When fall comes to New England, as it does every year, there is a certain melancholy that comes with the change of season. It’s a subtle change, but one day you wake up and your feet are cold on the floor. You take out your down comforter from the closet, fold up your shorts and put away your sandals. The nights become darker quicker and you find yourself inside, craving hot stews and quilts.
Summer, those brief but glorious months of scorching heat and green, green trees, feels like a distant dream. And you mourn the hot evenings you spent sitting outside on the lawn all night, when you could dive into an ice-cold pool and come out still sweating. You miss that free-ness, that spontaneity that summer so boldly facilitates. You grieve.
The cold comes and you shut down, hunker down, walk faster and laugh less. Part of you knows that this is who you really are: the cold defines us as New Englanders. Our summer identities are induced by an intoxicating elixir that eventually runs out. Ahead there is a long cruel winter of blowing winds and falling snow, followed by the ugly, muddy fever of spring. We are but travelers through the seasons: spectators, observers. Nature holds the power to change, but we hold the power to note the change. We document it and we revel in it if we can. And we become fretful as the leaves fall faster from the trees, as everything turns a breathtaking brilliant gold.
When you note these changes, try to enjoy each second, each small but significant movement that propels us from summer, into fall, and then, into winter. At this kind of turning point, I read the poet Mary Oliver–who, according to Maxine Kumin, “is an indefatigable guide to the natural world,” a literary representative of our relationship to it. I find solace in her poem “Wild Geese,” which addresses the specific loneliness that threatens to overwhelm us. She writes:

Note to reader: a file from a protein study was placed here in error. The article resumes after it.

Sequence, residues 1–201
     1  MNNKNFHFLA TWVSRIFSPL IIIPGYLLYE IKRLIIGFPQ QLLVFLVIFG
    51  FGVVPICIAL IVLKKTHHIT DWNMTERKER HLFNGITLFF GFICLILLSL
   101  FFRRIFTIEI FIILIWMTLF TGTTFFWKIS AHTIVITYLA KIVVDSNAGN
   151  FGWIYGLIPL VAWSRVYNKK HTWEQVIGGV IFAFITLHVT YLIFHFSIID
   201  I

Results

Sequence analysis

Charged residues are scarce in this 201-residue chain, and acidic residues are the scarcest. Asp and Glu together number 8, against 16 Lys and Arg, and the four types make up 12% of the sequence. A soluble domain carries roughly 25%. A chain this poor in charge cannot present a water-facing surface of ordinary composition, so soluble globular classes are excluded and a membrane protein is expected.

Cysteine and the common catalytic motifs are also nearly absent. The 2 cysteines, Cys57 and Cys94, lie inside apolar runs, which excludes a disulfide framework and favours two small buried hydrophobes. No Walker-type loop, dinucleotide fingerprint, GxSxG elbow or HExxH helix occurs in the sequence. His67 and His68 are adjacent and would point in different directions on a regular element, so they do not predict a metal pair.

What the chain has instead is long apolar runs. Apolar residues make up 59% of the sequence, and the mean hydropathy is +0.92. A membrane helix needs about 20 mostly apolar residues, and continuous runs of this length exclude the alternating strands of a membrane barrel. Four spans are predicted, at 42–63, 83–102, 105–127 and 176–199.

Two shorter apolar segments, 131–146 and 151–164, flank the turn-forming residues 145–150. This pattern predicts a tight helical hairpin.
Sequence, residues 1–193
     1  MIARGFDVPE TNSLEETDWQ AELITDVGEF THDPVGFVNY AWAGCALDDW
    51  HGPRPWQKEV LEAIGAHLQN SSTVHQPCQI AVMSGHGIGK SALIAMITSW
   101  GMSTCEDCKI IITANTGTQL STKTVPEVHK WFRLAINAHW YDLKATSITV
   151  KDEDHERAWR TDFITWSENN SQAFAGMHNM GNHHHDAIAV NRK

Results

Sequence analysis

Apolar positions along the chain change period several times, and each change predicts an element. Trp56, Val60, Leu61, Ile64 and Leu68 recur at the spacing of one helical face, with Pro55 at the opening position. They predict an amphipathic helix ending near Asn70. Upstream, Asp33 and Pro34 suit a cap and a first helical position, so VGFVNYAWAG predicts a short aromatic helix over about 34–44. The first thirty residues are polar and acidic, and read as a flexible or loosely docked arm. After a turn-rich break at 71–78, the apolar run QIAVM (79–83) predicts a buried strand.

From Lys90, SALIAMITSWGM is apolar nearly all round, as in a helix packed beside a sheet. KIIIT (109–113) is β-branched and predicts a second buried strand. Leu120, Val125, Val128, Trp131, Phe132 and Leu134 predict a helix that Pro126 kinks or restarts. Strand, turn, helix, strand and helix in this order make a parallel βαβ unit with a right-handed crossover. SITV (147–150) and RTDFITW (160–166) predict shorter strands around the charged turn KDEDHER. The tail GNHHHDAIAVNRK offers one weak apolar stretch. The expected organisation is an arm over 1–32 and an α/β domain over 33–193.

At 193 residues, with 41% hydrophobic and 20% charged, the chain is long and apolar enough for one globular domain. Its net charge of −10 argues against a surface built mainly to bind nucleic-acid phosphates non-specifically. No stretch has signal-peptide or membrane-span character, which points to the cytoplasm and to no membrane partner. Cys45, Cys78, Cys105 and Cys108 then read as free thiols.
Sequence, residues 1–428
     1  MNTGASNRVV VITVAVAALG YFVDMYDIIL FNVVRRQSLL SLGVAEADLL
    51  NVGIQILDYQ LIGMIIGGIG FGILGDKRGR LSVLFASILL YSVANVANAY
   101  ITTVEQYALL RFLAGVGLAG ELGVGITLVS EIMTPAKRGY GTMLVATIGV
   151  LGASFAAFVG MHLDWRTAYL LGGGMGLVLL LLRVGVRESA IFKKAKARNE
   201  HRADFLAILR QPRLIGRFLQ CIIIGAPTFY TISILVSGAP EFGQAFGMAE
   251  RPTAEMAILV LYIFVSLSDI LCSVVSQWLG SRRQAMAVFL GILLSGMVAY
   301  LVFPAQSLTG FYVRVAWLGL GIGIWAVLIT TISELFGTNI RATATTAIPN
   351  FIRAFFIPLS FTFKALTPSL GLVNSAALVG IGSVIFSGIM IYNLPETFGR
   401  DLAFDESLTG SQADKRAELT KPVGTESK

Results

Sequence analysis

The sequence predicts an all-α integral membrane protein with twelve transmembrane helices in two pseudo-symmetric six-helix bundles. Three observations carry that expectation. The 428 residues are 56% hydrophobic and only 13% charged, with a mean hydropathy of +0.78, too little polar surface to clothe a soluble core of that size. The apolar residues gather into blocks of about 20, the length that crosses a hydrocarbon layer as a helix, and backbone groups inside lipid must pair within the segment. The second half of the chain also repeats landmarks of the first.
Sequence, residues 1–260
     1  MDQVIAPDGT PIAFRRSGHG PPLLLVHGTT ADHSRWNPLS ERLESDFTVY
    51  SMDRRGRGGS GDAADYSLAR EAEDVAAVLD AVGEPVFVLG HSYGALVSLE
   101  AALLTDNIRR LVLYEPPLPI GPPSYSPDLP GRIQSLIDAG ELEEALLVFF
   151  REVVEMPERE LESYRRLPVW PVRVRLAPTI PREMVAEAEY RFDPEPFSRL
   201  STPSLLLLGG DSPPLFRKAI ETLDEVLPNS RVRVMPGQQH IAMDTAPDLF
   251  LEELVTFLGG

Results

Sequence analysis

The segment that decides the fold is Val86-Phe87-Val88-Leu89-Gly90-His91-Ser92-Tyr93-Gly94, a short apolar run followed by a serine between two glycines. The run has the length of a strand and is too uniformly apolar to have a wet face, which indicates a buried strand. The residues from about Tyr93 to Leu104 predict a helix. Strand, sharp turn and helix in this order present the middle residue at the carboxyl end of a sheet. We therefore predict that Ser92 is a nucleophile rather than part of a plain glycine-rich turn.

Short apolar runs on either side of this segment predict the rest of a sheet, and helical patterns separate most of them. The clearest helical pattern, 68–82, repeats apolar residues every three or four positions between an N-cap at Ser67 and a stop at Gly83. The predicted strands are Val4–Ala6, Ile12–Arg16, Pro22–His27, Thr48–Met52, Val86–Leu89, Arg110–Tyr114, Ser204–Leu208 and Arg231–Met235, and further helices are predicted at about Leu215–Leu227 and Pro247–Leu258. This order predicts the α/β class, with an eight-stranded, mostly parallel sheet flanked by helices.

Tell me about despair, yours, and I will tell you mine.
Meanwhile the world goes on.
Meanwhile the sun and the clear pebbles of the rain
are moving across the landscapes
Oliver reminds us to look to nature, not as an enemy but as a grander entity than ourselves. She suggests that we take the time to recognize the strength of Nature’s consistency, the power in its reliability. Through Nature’s constant motion, we spectators become a part of it.
The world offers itself to your imagination,
calls to you like the wild geese, harsh and exciting-
over and over announcing your place
in the family of things.
Here, Oliver gently encourages us–even when we’re lost and lonely, the world continues to turn. We are reflected in nature and Oliver asks us to remember how we fit, “in the family of things.” So this fall, in place of grief, carry Mary Oliver’s pack of wild geese home with you. As the leaves turn brown and then disappear, remember: we are a travelers through the seasons, each an essential piece in the turning cogs of Nature.